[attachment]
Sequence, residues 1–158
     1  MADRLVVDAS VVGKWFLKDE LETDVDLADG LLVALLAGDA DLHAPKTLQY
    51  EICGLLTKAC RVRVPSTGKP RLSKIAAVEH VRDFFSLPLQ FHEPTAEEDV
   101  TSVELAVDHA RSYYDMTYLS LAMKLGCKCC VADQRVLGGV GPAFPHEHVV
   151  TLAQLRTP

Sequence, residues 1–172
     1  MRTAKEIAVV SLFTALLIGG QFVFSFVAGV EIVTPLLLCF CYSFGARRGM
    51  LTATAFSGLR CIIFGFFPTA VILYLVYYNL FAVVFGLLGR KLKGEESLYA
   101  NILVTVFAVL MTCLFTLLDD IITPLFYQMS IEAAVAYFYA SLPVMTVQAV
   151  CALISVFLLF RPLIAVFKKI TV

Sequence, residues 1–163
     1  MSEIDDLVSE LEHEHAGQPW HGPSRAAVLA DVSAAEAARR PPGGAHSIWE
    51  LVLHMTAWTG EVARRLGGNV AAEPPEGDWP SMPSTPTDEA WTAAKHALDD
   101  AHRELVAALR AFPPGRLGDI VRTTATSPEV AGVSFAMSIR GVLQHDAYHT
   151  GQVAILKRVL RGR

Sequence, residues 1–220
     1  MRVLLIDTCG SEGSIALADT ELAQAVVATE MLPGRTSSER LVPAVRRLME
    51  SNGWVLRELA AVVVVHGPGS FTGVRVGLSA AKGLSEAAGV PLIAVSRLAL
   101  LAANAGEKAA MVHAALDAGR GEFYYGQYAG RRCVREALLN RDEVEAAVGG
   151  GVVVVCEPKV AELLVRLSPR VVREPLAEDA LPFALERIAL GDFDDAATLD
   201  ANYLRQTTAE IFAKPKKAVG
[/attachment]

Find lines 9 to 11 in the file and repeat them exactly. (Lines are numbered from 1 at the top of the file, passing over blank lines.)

   101  NILVTVFAVL MTCLFTLLDD IITPLFYQMS IEAAVAYFYA SLPVMTVQAV
   151  CALISVFLLF RPLIAVFKKI TV

Sequence, residues 1–163